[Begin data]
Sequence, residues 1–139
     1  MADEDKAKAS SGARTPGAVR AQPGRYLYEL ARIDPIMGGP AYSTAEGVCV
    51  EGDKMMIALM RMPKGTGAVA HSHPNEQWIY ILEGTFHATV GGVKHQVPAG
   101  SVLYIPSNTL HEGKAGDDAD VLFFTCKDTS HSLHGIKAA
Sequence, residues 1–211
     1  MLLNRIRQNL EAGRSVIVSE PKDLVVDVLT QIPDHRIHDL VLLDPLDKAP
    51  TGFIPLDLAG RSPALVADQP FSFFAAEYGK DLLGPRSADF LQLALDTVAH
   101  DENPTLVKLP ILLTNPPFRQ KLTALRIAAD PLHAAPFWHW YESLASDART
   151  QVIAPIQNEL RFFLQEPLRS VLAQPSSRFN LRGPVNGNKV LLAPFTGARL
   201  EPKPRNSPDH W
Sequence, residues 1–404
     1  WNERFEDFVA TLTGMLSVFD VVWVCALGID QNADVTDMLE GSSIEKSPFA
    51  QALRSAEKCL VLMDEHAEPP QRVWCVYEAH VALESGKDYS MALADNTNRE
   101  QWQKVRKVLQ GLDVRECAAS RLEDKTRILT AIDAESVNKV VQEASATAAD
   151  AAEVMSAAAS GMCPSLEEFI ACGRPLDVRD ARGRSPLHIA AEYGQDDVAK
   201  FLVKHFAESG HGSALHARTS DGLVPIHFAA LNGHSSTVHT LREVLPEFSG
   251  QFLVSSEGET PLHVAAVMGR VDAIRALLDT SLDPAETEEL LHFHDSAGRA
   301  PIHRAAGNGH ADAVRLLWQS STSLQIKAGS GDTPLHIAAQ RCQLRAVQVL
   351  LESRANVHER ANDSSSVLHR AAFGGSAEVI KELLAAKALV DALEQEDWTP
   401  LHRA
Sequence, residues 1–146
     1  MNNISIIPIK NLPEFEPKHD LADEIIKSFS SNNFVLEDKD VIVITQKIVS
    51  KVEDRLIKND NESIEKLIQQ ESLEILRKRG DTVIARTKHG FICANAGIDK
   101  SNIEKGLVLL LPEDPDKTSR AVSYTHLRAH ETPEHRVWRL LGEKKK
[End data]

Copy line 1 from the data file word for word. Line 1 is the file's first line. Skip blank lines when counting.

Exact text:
Sequence, residues 1–139